In my previous top five list, I said 2015 was a great year for games. I was a little worried stepping into a new year, fearful that we’d gotten all the good releases out of our system too soon, leaving nothing but remasters to fill calendar gaps.
Thankfully I was wrong.
While 2016 brought the noise with big sequels, it also delivered some fresh new franchises into the industry. We met colourful casts of characters, travelled to wild and exotic places, and interfaced with new gameplay systems. It was also a time for innovation, with virtual reality headsets making their way into consumer hands.
Without further ado, here are some of my favourite games of 2016 in no particular order.
The Last Guardian is a technical mess, and by most metrics a poorly designed game. And yet despite all that, I loved every second of it.
Trico is a character all its own, and the developers manage to build a relationship between the two of you simply through your actions. Your feathered dog-cat friend may just be a bundle of scripts and artificial intelligence, but the way it moves and interacts with its surroundings gives Trico more depth than any amount of dialogue ever could.
While the game's long and troubled development has left its mark on things like the framerate, controls, and systems, it can't undermine its more emotional achievements. The Last Guardian is a story about friendship that will resonate with every player.
Nobody in the industry knows how to make soiled rags quite like FromSoftware. Not much of a surprise; they’ve been mastering the craft since the Souls series started in 2009. Countless players have fallen in love with the setting, its robust world building, and punishing gameplay.
Dark Souls III is the final entry in the series. Not only a culmination of mechanics and gameplay, it was the developer’s last chance to tie up any dangling story threads. A difficult task too, given the ephemeral nature of the fabric it was sewn from.
Thankfully they pull it off. The game delivers players to a lonely world full of horrifying monsters to overcome, mysteries to unravel, and gloomy characters to interact with. While historic call-backs come across as trite fan service, and some design decisions feel rushed, they can’t take away from the other successes of Dark Souls’ swansong.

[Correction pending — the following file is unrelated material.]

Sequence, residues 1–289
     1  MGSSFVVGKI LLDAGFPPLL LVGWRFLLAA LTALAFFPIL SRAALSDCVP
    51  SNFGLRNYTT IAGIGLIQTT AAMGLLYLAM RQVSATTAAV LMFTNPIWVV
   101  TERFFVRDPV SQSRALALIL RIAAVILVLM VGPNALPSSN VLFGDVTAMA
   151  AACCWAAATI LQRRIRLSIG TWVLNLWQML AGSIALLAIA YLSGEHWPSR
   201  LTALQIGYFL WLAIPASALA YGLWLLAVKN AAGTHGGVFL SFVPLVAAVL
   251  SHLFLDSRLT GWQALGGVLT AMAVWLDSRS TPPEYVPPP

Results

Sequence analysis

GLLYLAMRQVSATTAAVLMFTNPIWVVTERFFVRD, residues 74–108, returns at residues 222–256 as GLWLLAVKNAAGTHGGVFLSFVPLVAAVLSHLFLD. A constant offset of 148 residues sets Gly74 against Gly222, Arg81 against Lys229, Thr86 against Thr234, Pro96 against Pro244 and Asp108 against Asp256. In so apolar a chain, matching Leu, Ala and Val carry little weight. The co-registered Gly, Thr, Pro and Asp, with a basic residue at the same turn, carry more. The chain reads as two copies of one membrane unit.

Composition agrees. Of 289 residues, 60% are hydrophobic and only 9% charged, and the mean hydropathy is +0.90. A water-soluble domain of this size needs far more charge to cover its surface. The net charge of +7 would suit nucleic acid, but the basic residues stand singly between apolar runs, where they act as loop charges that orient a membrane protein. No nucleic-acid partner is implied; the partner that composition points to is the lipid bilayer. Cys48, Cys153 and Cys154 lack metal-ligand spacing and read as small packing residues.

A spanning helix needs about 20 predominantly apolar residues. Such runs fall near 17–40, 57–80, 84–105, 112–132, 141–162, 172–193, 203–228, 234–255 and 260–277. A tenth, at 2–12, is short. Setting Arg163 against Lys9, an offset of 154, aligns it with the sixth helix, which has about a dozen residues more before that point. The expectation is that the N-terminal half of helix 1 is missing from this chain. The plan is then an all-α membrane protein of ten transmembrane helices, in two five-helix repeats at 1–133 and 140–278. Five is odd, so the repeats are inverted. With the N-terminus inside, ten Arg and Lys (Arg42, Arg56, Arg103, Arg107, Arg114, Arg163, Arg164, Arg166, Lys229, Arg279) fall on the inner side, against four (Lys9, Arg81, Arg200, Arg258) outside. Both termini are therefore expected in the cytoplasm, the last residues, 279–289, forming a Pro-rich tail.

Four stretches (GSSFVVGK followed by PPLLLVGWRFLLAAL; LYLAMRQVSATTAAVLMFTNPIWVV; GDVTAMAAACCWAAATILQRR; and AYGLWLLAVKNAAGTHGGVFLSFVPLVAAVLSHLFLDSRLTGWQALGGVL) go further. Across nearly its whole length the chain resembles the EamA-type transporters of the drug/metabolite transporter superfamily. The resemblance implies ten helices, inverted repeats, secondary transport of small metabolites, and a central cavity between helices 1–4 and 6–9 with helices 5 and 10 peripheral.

A lot of games lack style. I’m not talking about a strong artistic direction, or a tie-in fashion label. I’m talking about a feeling so thick, you could cut it with a knife and watch it ooze everywhere. A sensation while you play that makes the hairs on the back of your neck stand up.
Furi is all about style, and it permeates every single element of its creation. From its neon-soaked battle arenas, to its thumping electronic soundtrack, there’s a cohesion to every element that elevates it over its peers.
That feeling seeps into the combat, which consists solely of back-to-back boss battles. Each one is a new puzzle for you to unravel, as you fight with a sword and gun in fast and furious fashion. You’ll lose multiple times on each one, until that one time where everything clicks. All your strikes land true. All your dodges are immaculate. All your parries are perfect.
Furi is stylish as hell.
What Furi does for style, Darkest Dungeon does for desperation. This turn-based dungeon crawler may rely a lot on numbers and percentages to drive its themes, but their unpredictable nature also gives it a lot of replay value.
Darkest Dungeon is about the horrors of adventuring. Quite often in games we see heroes delving into crypts and caves, focusing on the physical challenges involved. In your time with this turn-based roguelike, you’ll deal with those challenges as you manage familiar HP meters and armour values, but you’ll also peek into the psychological toll endured by your ragtag party.
The game also deftly dodges the simple – and at times insensitive – interpretation of Lovecraftian madness. As your heroes face off against unspeakable horrors and gruelling hardships, they’ll accrue “stress,” which in turn tests their resolve. If they buckle and break – and many of them will – they’ll adopt negative quirks and traits. These aren’t throwaway sensory or auditory effects like in Eternal Darkness either – they’re with your hero for life.
Outside of that, and Darkest Dungeon is just damn good fun. It can be horrifying how quickly you slip into a middle-manager’s shoes, especially when your portfolio is one of money earned versus your team’s wellbeing.
Jonathan Blow’s long in development puzzle game is frustrating. Not because its mechanics or puzzles are poor. It’s frustrating because it’s so difficult – which only makes the fruits of your labour all the sweeter.
On the outset, The Witness is simple: traverse an island, solve puzzles at terminals, and take in the sights. Tying that all together is a form of mental Metroidvania. As you explore different environments, you’ll discover new and profound ways of solving puzzles – methods that transform sets of rules you’ve been using for hours. The lens that you use to look through the game’s world changes.
It’s also elegant. It reflects the learning process we all go through in life via its gameplay loop. You’ll start a puzzle, hit a road-block, and quit in a huff – only to find the answer fall out of thin air the next day. You’ll then repeat this whole process over again. The game doesn’t provide tips and tricks, because it’s confident in our ability to develop and grow, and make sense of the unknown.
The Witness is an optimistic look at the human condition, and one of the best games of 2016.
Those were some of my favourite games of 2016. What were yours? Sound off in the comments below!
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